Although jubilant, I was also contemplative. Dealing with the ongoing challenges of the nomadic routine, I came to understand that my elevated mood would pass, like all things pass with time. In general, the things we perceive as bad or unpleasant are in fact neither of those. They could just as easily be seen as good or pleasant by another mind. Life is a series of cycles, mainly unaffected by our humble presence. Whether we label in our own minds subjective sections of these cycles with adjectives is irrelevant, the Earth will keep turning and the sun will keep shining even when the night obscures our view. It’s worth remembering that sunrise is only a victory because it follows the night.

Sunset in the heart of the Alps

Dawn awoke me with a kiss of frost

The mountains around me stood silent watch

White crowned peaks, swift rivers below,

The secrets of the wind shall never be known.

King Billy I, Victorian Alps

King Billy I, Victorian Alps

The sun was setting on my left, casting a deep shadow into the valley. I was moving along Mt Eadley Stone’s ridgeline, picking my footing quickly but precisely along the rocky track. Hiking high up on the summit ridge with a blue sky, a fresh breeze and mountains all around, I felt life pulsate through my veins with great force. Camera slung across my shoulder, I was aiming to beat the sun to the summit of the Bluff and snap some photos. It would be my first sunset from a mountaintop during my 74 day Australian Alps adventure. It certainly wasn’t the last.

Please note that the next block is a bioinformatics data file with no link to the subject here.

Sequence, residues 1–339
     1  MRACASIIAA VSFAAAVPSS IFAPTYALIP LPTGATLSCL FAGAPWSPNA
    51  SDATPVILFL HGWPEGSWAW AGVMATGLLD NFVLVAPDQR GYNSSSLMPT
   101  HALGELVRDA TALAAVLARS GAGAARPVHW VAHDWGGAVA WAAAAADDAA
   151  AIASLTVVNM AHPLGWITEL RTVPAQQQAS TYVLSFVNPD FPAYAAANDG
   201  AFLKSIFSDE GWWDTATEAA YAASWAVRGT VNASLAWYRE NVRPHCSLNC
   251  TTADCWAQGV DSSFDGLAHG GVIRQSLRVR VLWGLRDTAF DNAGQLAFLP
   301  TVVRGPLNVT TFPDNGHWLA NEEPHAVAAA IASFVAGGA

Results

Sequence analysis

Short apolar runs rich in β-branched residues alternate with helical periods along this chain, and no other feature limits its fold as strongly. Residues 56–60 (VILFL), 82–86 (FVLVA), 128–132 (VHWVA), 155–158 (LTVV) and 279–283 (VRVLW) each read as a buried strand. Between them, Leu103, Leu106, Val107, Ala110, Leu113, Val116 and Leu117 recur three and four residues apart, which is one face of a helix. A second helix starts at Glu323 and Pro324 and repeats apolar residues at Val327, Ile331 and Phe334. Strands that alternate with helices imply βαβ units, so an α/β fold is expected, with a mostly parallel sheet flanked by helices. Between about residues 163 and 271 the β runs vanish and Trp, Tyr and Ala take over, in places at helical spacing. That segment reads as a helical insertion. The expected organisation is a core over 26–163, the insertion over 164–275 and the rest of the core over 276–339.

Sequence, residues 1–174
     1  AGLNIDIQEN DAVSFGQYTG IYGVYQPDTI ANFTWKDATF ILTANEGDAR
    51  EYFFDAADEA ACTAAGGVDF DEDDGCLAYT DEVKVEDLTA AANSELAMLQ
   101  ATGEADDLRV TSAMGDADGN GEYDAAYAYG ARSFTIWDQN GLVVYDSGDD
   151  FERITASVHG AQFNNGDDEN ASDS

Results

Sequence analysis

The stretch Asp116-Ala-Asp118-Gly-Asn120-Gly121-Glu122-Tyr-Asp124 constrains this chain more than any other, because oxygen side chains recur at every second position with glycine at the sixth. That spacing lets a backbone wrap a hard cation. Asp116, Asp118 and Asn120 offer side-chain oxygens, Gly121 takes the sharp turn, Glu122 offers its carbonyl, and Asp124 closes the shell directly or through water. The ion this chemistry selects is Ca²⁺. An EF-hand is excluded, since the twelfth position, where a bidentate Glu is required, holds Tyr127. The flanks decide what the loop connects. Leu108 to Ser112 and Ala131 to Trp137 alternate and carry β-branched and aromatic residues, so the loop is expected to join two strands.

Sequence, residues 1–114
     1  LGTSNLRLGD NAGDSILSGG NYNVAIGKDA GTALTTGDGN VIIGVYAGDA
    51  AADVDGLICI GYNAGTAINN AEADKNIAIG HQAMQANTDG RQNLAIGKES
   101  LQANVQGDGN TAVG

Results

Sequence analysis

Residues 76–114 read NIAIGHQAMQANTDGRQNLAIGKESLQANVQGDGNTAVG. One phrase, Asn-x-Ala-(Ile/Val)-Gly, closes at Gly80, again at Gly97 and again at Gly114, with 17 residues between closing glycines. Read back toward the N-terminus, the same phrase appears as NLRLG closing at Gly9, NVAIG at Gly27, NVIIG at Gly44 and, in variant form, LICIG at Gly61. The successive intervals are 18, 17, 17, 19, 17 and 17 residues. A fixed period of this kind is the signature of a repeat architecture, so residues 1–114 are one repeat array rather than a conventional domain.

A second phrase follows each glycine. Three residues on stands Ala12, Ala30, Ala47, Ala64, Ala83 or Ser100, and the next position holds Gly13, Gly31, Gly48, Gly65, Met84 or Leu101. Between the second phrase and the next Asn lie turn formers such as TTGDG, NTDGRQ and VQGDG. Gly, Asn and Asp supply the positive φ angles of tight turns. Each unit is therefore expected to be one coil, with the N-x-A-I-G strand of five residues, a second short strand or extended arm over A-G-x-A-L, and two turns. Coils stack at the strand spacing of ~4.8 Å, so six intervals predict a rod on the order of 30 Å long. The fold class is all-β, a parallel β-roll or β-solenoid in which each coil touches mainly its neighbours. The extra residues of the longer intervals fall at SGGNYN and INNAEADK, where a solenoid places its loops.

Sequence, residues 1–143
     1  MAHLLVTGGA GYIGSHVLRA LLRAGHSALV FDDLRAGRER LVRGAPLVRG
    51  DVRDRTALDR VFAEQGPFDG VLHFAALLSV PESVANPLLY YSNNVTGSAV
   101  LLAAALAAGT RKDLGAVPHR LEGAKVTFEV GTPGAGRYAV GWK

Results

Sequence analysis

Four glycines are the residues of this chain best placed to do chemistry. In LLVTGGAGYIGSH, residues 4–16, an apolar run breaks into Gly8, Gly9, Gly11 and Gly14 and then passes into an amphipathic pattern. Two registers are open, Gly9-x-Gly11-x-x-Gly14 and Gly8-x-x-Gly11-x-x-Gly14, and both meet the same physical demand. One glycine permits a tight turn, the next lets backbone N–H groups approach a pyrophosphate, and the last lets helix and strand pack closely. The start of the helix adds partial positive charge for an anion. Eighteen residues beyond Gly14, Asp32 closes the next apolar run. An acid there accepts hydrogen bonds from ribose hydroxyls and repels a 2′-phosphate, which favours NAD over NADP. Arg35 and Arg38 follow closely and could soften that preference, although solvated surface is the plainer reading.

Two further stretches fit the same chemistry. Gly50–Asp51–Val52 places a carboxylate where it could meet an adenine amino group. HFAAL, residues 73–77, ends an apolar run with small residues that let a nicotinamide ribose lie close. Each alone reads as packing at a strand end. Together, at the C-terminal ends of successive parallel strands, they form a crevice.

Spring snow on the slopes of Mt King Billy I

Spring snow on the slopes of Mt King Billy I

The double peak of the Bluff-Mt Eadley Stone massif is situated in the heart of the Victorian Alps. Here, the usually mellow Great Dividing Range shoots up from wild river valleys into some dramatically steep hills. The Bluff as such is surrounded by some of Australia’s most impressive mountains: Mt Buller, Mt Howitt, Mt Speculation, Mt Cobbler, Mt McDonald, Mt Clear, and the undulating knife blade ridge of the Crosscut Saw. The vista from the Bluff creates the effect of being surrounded by a titanic amphitheatre formed by the spine of the Great Dividing Range. The remote wilderness of the area means that even by taking in an immense view with a 50km radius, signs of the human world are minimal. The only blemish on the wilderness is on the upper slopes of Mt Buller, where the ski village can be disconcerted by the keen eye.

Dead snowgums with Mt Buller's snow capped peak in the background.